For example, there is a long history of attempts by corporations and the government, which fund research in universities, to censor or suppress research that goes against their interests. As documented by “Defend Science,” a statement signed by thousands of scientists, “Scientists whose findings conflict with corporate interests or policies of the Bush Administration face threats of retaliation or denial of funding. There have been 'gag orders' forbidding government scientists from talking publicly about important scientific questions and, at times, even mentioning terms like 'global warming.' In studies by government scientists on global warming and its potentially devastating consequences for the planet and humanity, titles of reports have been changed and whole sections deleted by high political officials. There are repeated efforts by government officials to over-rule scientists on such things as which plant and animal species to include on the 'Endangered Species' list, which natural habitats are in critical need of preservation, how to set air and water quality standards, and so on.” (see defendscience.org)
What about the right of students to learn free of corporate influence? “I didn’t come to this university to be lectured on climate change by British Petroleum,” a graduate student and anti-BP activist said.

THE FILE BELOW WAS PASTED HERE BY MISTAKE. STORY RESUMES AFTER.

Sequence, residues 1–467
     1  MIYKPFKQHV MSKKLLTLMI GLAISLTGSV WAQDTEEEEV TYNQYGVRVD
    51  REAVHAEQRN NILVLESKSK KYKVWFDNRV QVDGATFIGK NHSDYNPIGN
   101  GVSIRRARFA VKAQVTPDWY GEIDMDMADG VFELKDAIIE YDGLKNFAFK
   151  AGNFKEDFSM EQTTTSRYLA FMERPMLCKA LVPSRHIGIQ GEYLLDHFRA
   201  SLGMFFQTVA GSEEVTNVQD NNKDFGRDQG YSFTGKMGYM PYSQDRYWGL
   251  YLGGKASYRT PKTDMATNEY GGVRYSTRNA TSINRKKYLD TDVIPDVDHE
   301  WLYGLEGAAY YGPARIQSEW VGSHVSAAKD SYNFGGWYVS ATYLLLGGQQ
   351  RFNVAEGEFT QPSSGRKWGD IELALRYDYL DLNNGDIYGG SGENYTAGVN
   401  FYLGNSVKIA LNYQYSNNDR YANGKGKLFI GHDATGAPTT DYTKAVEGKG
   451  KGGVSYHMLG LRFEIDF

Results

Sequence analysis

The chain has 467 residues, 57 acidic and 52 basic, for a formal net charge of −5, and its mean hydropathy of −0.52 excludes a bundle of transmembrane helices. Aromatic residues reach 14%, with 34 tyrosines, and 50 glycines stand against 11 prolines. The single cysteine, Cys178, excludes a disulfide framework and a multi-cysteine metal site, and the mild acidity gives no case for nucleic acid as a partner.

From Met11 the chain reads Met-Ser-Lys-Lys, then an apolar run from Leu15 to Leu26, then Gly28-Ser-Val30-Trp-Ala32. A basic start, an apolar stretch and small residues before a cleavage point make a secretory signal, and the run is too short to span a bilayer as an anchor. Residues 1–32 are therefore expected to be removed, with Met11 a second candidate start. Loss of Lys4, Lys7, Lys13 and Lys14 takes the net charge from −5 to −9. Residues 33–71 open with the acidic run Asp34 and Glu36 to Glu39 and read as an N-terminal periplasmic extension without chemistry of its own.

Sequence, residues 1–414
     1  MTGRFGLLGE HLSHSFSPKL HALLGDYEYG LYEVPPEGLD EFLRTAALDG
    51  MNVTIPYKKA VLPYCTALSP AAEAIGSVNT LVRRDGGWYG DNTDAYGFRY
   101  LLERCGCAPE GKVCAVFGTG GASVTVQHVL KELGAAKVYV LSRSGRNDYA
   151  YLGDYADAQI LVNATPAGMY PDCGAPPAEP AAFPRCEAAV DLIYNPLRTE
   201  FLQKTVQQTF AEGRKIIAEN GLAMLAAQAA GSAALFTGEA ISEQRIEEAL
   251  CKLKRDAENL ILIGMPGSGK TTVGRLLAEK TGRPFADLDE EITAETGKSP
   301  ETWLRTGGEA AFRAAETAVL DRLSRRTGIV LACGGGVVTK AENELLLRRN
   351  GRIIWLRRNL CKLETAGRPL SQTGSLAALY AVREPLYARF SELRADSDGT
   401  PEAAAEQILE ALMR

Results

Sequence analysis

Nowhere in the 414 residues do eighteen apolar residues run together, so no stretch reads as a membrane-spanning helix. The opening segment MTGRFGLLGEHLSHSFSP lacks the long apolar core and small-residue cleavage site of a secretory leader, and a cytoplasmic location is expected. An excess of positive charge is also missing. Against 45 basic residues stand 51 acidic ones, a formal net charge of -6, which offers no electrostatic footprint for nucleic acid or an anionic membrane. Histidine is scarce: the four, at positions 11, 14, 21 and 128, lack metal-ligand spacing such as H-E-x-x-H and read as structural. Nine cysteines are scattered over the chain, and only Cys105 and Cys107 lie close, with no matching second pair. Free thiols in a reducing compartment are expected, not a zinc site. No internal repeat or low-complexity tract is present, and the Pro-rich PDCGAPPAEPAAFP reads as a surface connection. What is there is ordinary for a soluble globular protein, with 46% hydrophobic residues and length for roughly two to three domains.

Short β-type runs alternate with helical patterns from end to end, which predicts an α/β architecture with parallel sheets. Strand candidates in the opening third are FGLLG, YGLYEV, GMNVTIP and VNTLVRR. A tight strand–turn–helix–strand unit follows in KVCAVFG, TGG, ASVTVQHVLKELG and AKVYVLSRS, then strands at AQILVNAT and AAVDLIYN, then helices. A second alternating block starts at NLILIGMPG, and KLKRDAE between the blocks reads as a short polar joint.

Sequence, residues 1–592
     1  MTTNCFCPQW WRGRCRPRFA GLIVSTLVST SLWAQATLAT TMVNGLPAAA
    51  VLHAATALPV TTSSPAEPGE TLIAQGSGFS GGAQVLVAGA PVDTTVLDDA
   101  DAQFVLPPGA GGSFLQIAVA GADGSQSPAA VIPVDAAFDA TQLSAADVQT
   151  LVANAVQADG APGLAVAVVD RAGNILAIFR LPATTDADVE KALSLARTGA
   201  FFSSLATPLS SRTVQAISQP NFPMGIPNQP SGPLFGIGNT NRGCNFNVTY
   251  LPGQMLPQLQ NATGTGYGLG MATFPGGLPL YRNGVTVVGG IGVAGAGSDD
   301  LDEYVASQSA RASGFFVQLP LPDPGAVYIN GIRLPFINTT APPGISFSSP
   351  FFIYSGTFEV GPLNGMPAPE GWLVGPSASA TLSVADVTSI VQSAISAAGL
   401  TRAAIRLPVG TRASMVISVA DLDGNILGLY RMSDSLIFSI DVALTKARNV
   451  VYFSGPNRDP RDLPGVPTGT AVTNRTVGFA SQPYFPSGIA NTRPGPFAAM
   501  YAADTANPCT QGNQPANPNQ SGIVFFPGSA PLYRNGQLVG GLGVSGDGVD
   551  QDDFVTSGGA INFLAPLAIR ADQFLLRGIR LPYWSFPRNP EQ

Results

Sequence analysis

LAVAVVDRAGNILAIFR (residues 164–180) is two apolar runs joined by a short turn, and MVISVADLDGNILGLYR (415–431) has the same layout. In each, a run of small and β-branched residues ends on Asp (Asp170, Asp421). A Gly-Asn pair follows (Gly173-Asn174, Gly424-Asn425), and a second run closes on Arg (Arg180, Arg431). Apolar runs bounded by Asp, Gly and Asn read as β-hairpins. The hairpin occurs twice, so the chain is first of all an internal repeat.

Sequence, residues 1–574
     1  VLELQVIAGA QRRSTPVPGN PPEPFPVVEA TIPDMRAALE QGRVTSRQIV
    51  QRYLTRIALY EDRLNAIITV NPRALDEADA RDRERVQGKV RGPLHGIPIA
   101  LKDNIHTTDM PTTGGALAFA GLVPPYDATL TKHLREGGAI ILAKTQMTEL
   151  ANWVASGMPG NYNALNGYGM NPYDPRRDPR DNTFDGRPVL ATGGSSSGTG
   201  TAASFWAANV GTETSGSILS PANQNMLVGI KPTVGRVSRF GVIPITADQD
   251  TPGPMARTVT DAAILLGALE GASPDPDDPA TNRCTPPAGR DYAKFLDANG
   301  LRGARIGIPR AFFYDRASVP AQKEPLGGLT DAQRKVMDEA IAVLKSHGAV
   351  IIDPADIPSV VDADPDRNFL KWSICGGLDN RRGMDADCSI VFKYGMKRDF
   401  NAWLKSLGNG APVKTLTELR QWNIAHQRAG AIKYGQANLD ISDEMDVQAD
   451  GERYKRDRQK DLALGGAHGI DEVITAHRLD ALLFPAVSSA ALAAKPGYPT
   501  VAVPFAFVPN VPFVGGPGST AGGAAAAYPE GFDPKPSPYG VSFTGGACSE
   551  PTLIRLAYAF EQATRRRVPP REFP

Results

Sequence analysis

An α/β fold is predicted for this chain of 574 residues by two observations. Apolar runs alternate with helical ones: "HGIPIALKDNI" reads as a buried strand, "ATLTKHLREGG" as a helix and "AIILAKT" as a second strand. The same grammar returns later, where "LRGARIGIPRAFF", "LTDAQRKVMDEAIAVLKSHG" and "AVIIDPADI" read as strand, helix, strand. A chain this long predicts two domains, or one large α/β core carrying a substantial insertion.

Other Aspects of the Deal
One aspect of the agreement that is hidden is the extent to which research at EBI will involve genetically modified organisms (GMOs). Professor Chapela said, "What would certainly come out of the BP-Berkeley facilities would be a large number of genetically altered, reproducing, living organisms to be released in the public environment.”
GMO refers to plants or other organisms whose genetic material has been modified by splicing in genetic material from another organism in order to produce a plant or animal with supposedly better qualities (such as more pest-resistant or containing better nutrition). Many scientists are critical of the way that GMO crops are being introduced into the ecosystem because no one really knows what kind of harmful effects the modified plants might have. For example, tests in the U.S. showed that 44% of caterpillars of the monarch butterfly died when fed large amounts of pollen from genetically modified (GM) corn. Also, GM crops can spread outside the area where they are supposed to be used, contaminating other crops. And GM crops can ruin peasant farmers in the third world, because they are forced to pay companies like Monsanto for the right to use the GMO seeds.